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Housekeeping
Housekeeping
Author: Marilynne Robinson
Winner of the Pen/Hemingway Award — A modern classic, Housekeeping is the story of Ruth and her younger sister, Lucille, who grow up haphazardly, first under the care of their competent grandmother, then of two comically bumbling great-aunts, and finally of Sylvie, the eccentric and remote sister of their dead mother. The family house is in the s...  more »
ISBN-13: 9780553278729
ISBN-10: 055327872X
Rating:
  • Currently 3.4/5 Stars.
 29

3.4 stars, based on 29 ratings
Publisher: Bantam
Book Type: Paperback
Other Versions: Hardcover, Audio Cassette, Audio CD
Members Wishing: 0
Reviews: Member | Amazon | Write a Review

Top Member Book Reviews

reviewed Housekeeping on + 8 more book reviews
Helpful Score: 10
Blech. I had to read this for my bookclub, and then the lady who chose it decided NOT to select this book. One good thing about book club is that it forces me to choose books outside my comfort zone. A bad thing is that I waste time reading garbage like this. Other reviewers say the author's writing is lyrical. I disliked the story so much, that I could not get around to enjoying anything about the writing style. Over and over instead of feeling sorry for the two sisters, I just felt like they were whiners who couldn't get their lives together. I have little tolerance for people who only complain about their unhappiness and want to do little to improve their lots in life.
reviewed Housekeeping on + 30 more book reviews
Helpful Score: 9
A little difficult for me to get into. Her poetic use of language has been highly praised. However, as someone who is not a literature or english major, I don't think I could appreciate this book as much.
reviewed Housekeeping on + 222 more book reviews
Helpful Score: 5
In spite of what it said on the back of the book, I could not get interested in this book, I tried, I kept plodding along till I was almost part way through and said, thats it.
Lizzie81 avatar reviewed Housekeeping on + 4 more book reviews
Helpful Score: 5
I truly enjoyed this book. It was beautifully written, and the metaphors that the author uses repeat themselves in different variations, tying the book together nicely. It didn't end as I'd expected it to, which was also a nice surprise. I'm not sure that this book is for everyone, it was hard to get into at first, but by the time the two aunts came into the story I was hooked. This is a short book and it is not a plot intensive/action packed book. There is a balance between the descriptive prose, and the plot so that both equally contribute to the book as a whole. Personally, I can't wait to read her other novels.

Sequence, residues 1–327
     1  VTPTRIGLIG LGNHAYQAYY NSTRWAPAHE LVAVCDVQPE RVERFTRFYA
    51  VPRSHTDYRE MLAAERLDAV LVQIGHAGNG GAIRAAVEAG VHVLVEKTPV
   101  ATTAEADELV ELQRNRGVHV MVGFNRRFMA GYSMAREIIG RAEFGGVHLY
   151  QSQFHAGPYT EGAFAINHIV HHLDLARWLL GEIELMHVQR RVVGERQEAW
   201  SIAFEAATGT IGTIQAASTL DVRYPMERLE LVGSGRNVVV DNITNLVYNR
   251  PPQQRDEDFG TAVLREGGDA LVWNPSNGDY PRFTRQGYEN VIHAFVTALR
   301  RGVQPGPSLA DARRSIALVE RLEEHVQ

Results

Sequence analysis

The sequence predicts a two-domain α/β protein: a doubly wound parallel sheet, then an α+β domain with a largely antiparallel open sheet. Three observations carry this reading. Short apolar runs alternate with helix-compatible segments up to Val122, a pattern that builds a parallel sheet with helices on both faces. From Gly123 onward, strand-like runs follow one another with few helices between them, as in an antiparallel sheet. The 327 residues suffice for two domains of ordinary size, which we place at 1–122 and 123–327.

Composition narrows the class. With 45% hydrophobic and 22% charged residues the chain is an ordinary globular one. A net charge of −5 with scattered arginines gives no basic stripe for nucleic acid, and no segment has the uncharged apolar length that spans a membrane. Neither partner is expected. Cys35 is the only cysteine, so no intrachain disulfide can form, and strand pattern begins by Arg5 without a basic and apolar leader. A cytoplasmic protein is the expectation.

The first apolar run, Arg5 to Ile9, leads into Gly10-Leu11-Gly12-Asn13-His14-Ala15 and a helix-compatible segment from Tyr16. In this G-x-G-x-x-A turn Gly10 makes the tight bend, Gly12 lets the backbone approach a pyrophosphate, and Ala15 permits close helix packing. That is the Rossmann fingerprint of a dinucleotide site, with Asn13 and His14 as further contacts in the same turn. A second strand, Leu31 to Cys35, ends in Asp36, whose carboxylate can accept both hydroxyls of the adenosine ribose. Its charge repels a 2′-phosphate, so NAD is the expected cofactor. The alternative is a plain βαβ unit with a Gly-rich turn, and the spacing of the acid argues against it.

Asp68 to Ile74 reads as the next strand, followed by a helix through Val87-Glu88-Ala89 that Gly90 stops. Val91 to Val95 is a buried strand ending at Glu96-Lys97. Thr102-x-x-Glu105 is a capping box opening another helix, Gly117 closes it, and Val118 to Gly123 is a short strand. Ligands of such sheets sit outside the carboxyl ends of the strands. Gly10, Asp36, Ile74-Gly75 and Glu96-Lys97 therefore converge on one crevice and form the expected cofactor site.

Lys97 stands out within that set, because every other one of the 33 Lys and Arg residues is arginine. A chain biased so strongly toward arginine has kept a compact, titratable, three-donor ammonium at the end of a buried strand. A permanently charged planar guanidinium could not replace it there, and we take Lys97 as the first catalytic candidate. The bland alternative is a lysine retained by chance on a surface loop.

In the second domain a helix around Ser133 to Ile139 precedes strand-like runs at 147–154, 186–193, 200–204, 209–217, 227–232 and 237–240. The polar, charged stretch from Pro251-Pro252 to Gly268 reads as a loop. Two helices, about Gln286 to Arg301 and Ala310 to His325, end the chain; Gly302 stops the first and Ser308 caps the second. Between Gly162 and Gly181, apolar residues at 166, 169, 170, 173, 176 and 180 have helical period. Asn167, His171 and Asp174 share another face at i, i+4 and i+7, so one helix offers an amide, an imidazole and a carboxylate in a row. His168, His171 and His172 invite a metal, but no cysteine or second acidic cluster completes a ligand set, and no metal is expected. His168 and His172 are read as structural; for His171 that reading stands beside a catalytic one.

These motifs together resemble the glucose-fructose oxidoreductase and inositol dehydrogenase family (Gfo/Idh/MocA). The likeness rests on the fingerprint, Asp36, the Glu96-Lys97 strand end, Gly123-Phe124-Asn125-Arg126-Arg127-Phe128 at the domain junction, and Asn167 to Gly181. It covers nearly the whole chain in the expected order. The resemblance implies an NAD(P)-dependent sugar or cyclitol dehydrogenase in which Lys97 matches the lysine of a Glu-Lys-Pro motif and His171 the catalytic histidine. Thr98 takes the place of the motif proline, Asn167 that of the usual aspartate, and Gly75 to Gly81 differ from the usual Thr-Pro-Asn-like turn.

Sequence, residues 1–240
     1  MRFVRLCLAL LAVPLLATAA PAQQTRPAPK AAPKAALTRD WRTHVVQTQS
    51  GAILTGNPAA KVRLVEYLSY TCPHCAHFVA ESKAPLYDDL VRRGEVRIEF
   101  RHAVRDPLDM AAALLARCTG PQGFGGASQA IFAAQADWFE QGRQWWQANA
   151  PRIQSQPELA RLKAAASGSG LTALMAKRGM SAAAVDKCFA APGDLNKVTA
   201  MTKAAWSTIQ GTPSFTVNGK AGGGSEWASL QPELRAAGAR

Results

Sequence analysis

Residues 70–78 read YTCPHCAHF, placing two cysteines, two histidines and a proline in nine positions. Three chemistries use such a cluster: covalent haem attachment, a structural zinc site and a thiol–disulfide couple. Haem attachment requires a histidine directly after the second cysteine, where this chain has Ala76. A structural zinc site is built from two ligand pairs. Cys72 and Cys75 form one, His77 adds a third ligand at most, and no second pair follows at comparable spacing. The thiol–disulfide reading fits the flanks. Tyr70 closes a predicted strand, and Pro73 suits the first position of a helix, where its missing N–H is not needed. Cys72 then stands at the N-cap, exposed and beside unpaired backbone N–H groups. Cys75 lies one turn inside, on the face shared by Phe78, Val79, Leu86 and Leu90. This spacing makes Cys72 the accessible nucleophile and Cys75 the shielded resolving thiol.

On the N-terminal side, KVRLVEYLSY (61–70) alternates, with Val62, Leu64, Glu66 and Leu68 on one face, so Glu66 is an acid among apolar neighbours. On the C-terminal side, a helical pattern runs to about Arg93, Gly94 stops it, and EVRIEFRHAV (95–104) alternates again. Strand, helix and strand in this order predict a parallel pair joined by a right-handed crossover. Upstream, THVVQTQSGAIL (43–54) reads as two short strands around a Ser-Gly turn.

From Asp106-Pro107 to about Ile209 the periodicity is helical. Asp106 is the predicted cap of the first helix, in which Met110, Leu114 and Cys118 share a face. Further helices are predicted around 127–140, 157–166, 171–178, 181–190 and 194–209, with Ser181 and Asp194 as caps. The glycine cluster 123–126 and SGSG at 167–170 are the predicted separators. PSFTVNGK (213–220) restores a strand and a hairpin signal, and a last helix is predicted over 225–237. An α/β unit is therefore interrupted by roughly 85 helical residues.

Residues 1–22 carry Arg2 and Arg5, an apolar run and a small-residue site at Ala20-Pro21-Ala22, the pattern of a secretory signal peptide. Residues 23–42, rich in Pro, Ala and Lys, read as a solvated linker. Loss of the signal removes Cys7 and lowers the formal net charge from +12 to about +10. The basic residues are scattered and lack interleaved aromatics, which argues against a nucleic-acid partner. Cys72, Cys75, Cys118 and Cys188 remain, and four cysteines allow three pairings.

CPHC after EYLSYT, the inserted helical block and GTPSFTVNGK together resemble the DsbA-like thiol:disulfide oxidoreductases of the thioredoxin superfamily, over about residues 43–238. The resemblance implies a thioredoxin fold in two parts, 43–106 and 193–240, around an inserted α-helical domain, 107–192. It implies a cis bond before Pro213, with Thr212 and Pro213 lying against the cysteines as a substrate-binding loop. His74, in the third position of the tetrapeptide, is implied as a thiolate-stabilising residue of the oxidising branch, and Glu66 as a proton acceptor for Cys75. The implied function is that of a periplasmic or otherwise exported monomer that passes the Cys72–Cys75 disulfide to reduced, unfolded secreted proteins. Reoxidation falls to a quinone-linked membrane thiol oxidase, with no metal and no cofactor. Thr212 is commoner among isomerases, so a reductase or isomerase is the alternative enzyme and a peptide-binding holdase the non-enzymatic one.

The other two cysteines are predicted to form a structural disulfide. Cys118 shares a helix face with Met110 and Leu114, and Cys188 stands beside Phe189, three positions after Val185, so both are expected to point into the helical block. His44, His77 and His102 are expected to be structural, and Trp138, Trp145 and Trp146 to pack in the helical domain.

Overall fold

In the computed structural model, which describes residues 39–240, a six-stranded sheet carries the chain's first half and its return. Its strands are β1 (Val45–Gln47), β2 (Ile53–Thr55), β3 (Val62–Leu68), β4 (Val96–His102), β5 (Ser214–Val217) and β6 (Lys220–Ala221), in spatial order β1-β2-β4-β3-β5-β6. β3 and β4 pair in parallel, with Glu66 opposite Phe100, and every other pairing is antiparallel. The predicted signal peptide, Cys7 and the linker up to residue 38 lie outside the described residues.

reviewed Housekeeping on + 74 more book reviews
Helpful Score: 5
A beautifully written, deeply touching book. One that pulls you in and stays with you long after it's finished.
Read All 57 Book Reviews of "Housekeeping"

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reviewed Housekeeping on + 13 more book reviews
Exquisitely poignant and sad, masterful writing.
reviewed Housekeeping on + 12 more book reviews
Beautifully written, I was surprised by the untypical character development.
reviewed Housekeeping on + 59 more book reviews
From Publishers Weekly
Their lives spun off the tilting world like thread off a spindle," says Ruthie, the novel's narrator. The same may be said of Becket Royce's subtle, low-keyed reading. The interwoven themes of loss and love, longing and loneliness"the wanting never subsided"require a cool, almost impersonal touch. Royce narrates natural and manmade catastrophe and ruin as the author offers them: with a sort of watery vagueness engulfing extraordinary events. Occasionally this leads Royce to sound sleepy or to glide over humor. But she expresses Ruthie's story without any irksome effort to sound childlike, and she avoids the pitfall of dramatizing other characters, such as the awkward sheriff, the whispery insubstantiality of Aunt Sylvie or the ladies bearing casseroles to lure Ruthie away from Aunt Sylvie and into their concept of normality. Originally published in 1980 and filmed in 1987, Housekeeping is finally on audio because of Robinson's new Pulitzer Prize-winning novel, Gilead. The novel holds up remarkably and painfully well, and the language remains searching and sonorous. Anatole Broyard wrote back then: "Here is a first novel that sounds as if the author has been treasuring it up all her life...." And because the author's rhythms, images and diction are so original and dense, this audio is a treasure for listeners who have or haven't read the book.

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